The Victorian Ombudsman has released the Investigation into how universities deal with students report, outlining a number of key findings on how Victorian Universities treat their international student populations.


Victorian Ombudsman George Brouwer outlines a number of concerns in the report, stating that the current trend in recent years has given him cause fo concern with the way Victorian univerities deal with international students.


“International education has become a key focus of universities. The number of international students enrolled in onshore higher education courses at Victorian universities tripled between 2000 and 2009 to almost 67,000 students. In 2009, Victorian universities collected $1.16 billion from fee-paying international students, or around 20 per cent of their revenue,” Mr Brouwer said in the report.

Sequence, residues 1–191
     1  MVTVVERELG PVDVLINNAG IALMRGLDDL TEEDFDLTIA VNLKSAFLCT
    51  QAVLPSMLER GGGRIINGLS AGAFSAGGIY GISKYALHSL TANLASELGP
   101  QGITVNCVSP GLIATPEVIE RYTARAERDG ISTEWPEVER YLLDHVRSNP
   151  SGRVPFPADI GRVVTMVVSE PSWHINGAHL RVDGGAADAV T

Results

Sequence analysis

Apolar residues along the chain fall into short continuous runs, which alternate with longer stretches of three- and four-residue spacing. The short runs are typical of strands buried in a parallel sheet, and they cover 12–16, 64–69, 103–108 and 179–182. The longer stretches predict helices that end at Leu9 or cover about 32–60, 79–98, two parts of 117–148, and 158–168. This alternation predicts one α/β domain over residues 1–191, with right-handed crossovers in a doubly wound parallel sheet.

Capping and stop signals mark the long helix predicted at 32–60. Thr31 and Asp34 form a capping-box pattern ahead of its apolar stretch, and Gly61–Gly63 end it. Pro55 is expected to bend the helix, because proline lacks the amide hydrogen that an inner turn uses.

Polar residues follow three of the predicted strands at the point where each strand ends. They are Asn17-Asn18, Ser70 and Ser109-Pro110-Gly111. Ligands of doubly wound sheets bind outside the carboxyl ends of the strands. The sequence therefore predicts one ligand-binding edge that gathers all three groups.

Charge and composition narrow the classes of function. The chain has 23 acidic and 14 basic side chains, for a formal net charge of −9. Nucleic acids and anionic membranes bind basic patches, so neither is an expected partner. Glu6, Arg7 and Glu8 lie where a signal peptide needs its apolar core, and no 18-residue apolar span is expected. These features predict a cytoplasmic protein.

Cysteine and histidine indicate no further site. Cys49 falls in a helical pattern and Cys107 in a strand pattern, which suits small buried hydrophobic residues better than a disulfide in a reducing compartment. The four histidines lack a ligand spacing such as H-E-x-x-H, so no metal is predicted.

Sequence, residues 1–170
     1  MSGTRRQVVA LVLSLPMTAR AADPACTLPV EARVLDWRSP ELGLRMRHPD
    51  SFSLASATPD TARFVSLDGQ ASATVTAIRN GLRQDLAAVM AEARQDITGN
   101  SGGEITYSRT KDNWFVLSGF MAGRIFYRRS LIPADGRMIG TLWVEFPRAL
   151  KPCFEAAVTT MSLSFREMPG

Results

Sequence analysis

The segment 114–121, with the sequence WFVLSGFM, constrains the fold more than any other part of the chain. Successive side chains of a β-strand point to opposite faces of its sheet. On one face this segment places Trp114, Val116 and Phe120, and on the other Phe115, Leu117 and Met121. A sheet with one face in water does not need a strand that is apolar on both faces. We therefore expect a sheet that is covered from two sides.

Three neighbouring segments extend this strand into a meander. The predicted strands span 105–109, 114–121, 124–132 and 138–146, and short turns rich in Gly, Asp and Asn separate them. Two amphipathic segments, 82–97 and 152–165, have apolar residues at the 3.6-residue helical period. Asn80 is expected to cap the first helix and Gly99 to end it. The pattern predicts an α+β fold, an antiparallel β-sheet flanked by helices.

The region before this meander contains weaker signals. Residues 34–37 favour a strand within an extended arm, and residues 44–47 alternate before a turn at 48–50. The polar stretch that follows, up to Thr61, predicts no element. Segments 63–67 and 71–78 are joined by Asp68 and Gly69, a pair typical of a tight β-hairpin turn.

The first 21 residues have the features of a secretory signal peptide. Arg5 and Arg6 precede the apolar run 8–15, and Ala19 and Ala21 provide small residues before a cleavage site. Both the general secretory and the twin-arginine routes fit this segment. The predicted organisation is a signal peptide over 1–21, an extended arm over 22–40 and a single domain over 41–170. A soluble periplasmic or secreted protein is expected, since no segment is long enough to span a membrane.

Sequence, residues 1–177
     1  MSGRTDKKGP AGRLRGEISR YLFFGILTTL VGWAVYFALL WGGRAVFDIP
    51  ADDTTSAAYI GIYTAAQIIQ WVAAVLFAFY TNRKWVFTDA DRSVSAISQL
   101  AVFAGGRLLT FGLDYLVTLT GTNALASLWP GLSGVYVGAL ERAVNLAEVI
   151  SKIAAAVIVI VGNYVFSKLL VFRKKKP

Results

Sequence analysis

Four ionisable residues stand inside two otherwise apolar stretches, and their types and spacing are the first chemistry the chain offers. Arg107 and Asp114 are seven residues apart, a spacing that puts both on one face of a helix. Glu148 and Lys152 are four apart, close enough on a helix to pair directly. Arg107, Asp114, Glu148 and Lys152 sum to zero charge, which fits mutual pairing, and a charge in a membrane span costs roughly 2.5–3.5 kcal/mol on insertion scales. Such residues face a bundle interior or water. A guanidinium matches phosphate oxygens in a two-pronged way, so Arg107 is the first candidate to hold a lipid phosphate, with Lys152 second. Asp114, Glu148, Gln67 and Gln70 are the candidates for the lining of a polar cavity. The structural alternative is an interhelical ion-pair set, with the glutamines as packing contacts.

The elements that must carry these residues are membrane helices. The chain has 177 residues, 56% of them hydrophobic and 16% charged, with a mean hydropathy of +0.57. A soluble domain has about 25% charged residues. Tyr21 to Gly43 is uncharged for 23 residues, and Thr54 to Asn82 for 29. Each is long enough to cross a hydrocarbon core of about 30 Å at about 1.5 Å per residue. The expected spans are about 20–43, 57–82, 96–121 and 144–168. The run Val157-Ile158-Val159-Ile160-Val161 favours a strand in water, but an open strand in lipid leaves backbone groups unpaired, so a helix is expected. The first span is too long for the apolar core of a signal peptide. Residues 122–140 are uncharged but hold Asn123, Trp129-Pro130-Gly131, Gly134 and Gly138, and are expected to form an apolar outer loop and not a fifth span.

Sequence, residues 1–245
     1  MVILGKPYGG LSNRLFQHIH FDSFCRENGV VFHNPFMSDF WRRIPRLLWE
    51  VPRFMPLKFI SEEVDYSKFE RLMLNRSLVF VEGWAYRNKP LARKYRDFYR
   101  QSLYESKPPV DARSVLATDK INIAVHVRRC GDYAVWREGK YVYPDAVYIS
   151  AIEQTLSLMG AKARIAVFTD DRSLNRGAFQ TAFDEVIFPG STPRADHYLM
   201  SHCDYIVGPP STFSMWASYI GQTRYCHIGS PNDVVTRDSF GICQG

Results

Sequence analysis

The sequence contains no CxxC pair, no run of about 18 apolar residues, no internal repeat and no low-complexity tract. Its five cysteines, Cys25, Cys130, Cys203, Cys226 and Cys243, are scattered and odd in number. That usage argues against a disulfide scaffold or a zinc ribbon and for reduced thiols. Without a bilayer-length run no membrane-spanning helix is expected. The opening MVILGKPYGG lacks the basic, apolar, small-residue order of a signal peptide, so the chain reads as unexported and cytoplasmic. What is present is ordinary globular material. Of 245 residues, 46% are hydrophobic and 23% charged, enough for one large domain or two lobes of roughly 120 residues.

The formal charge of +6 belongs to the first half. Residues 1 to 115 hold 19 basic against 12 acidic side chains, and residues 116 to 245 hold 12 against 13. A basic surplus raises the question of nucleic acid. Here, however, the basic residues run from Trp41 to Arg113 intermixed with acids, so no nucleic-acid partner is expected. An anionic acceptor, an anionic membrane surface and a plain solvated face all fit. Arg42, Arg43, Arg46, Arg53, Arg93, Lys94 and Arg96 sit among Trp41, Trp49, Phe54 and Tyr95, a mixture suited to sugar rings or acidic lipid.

The report finds that complaints from students have more than tripled in the last three years, from 176 in 2007-08 to 534 in 2010-11, with many of them coming from international students.


Mr Brouwer identified two major concerning patterns:


  • A number of international students struggle to communicate in English. This is despite the fact that universities are meant to ensure they have appropriate English language proficiency before admission.
  • Some universities have been the source of a disproportionately high number of complaints.


Mr Brouwer expressed his concerns over the treatment of student’s whose first language not English


“Most of Victoria’s international students come from countries in Asia where English is not the first language. I am concerned that universities are not doing enough to ensure these students have the English language skills they need to study successfully in Australia,” the report found.


The full report can be found here